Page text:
A major cause of the extraordinarily high rate of incarceration in the United States has been traced to the length of prison sentences, and sentence length comes directly from the Federal Sentencing Guidelines. Aside from the fact that sentences in the United States tend to exceed sentences in other nations for the same or similar offenses, enhancements based on acquitted or unprosecuted conduct add even more time to already to severe sentences.

Adding to the already burdensome inclusivity of the Federal Sentencing Guidelines is the Armed Career Criminal Act (ACCA), by which federal prisoners convicted of three past “violent felonies” or “serious drug crimes” are automatically sentenced to a minimum of fifteen years. Speaking at Alabama in 2010, Chief Justice John Roberts openly criticized mandatory minimum sentences such as the ACCA as being bad policy.

Yet despite recognition of the problems inherent to the system, it remains largely intact. At least one source of the problem is the broad appeal that “tough-on-crime” political platforms convey, and legislators at the state and federal level continue to be successful running on such a message. It would be unheard of to run a “soft-on-crime” campaign, even knowing the financial benefits that a softer on sentencing policy would entail.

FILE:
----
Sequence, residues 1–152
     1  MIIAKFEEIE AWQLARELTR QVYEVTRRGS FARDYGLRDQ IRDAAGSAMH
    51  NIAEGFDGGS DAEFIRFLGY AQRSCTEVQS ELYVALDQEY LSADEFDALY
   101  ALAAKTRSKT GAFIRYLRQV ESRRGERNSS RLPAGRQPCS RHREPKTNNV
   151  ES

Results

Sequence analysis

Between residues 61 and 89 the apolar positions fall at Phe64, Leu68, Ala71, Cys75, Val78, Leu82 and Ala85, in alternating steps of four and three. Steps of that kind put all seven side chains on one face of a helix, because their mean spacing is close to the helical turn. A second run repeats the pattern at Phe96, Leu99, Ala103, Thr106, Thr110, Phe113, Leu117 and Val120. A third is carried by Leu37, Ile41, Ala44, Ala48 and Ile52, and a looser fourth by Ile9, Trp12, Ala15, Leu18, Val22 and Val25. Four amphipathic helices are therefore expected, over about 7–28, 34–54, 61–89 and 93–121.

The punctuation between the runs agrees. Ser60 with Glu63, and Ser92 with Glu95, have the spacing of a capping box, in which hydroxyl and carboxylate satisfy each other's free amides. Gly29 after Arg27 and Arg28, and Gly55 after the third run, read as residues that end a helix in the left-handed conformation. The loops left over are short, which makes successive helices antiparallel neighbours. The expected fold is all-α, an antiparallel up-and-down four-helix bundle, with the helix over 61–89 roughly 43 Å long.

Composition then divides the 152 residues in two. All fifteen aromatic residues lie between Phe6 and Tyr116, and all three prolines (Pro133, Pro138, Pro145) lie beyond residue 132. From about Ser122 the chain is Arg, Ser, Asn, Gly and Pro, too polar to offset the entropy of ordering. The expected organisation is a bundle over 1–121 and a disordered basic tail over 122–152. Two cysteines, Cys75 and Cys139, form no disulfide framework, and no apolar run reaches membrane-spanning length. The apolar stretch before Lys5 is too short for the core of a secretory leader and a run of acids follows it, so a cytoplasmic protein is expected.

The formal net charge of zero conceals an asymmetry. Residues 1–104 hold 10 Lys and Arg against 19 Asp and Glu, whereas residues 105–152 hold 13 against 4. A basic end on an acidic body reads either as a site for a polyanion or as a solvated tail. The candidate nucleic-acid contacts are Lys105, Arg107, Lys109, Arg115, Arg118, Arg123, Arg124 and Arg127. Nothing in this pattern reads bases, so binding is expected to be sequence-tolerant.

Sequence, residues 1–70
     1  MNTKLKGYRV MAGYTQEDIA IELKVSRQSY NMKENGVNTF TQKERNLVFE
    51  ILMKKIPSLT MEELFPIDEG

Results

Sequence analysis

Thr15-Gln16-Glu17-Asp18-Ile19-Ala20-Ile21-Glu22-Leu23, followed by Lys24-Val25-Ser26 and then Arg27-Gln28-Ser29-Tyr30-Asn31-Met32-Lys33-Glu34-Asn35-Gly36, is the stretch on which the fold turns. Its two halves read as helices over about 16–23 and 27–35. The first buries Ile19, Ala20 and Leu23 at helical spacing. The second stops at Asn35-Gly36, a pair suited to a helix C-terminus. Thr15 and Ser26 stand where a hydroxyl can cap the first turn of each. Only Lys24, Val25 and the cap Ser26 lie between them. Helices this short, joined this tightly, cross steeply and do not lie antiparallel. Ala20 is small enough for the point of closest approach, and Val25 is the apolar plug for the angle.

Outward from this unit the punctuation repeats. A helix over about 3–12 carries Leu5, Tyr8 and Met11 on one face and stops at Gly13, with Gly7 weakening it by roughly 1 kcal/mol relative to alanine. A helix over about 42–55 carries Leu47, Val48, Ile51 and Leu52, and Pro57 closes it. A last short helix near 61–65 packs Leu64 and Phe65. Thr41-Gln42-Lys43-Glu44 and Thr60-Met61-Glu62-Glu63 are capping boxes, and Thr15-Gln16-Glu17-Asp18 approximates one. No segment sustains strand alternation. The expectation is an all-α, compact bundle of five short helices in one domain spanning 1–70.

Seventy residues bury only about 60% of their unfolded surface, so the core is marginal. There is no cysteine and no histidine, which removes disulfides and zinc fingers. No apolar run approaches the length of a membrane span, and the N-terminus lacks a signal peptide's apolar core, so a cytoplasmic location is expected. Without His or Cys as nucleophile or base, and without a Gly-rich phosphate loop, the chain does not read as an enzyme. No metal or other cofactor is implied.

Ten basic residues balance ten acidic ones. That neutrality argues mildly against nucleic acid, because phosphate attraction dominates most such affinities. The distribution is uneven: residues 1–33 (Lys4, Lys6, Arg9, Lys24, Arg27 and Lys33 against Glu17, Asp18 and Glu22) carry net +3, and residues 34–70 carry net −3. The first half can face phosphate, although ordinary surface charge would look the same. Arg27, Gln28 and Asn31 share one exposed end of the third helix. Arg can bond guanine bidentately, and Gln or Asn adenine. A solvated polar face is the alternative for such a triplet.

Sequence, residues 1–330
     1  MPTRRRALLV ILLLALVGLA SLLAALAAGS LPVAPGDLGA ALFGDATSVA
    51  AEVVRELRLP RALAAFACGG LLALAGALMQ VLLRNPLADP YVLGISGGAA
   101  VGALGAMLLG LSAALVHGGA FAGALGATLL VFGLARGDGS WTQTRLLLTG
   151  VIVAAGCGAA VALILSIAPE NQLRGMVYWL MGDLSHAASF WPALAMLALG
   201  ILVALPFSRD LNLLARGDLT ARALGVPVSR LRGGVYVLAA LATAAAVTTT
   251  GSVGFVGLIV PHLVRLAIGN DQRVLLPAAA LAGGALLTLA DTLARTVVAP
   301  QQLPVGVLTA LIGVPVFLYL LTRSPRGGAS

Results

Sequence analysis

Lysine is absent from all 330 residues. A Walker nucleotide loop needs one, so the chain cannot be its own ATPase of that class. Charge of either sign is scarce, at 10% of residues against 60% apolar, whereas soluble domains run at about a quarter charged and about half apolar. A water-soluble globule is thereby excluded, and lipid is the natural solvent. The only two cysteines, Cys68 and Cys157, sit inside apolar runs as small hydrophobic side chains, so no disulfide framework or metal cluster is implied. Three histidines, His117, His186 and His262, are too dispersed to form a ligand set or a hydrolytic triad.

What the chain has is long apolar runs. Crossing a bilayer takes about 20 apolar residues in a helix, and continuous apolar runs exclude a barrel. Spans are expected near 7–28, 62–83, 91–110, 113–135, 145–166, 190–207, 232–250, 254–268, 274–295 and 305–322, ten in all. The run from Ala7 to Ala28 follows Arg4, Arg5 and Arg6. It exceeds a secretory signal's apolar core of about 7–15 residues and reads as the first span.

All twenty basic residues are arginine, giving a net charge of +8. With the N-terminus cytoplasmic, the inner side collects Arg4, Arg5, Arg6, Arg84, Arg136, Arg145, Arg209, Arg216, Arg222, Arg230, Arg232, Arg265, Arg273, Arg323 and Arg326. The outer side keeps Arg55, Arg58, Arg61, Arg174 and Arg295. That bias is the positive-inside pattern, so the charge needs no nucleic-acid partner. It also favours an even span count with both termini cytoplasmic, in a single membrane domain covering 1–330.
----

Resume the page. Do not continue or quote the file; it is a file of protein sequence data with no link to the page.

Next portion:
Although politicization of the issue may make the prospect for reform weak, at least some precedent exists to allow for change outside of legislative action. In 2005, the Supreme Court held in United States v. Booker that judges would no longer be required to sentence within the sentencing guidelines. Now, judges may make either upward or downward “variances” outside of the guidelines. This has opened the door to allow judges to consider character evidence, the overall impact that lengthy sentences have, and to make a downward departure from the guidelines without having to have a codified reason for doing so.

Booker also held that the original calculation of the maximum possible sentence must be based on facts either found by a jury beyond a reasonable doubt or admitted by the defendant. Effectively, this aspect of the holding caps the effect that acquitted conduct can have on a sentence by requiring that the maximum possible sentence corresponds to the convicted conduct.

Also, since the passage of the ACCA, the Supreme Court has had to clarify on several occasions whether particular state offenses qualified as “violent felonies” or “serious drug crimes,” and on many occasions the Court has held that crimes held by lower federal courts to meet those standards were not, in fact, “violent” or “serious.”

These holdings by the Court have had piecemeal impact on sentencing practice, but broader reform is still needed. Most Americans can quote the “reasonable doubt” standard from an early age, and many probably assume that people don’t go to prison except when that standard has been met. The Federal Sentencing Guidelines, however, make that assumption incomplete because federal inmates often stay in jail much longer because of alleged conduct never proven beyond a reasonable doubt. A heightened public awareness of the impact and expense of the guidelines would go a long way towards a much needed overhaul of U.S. practice.

General Sources:

United States v. Watts, 519 U.S. 148 (1997)

United States v. Booker, 543 U.S. 220 (2005)

[1] (41:30).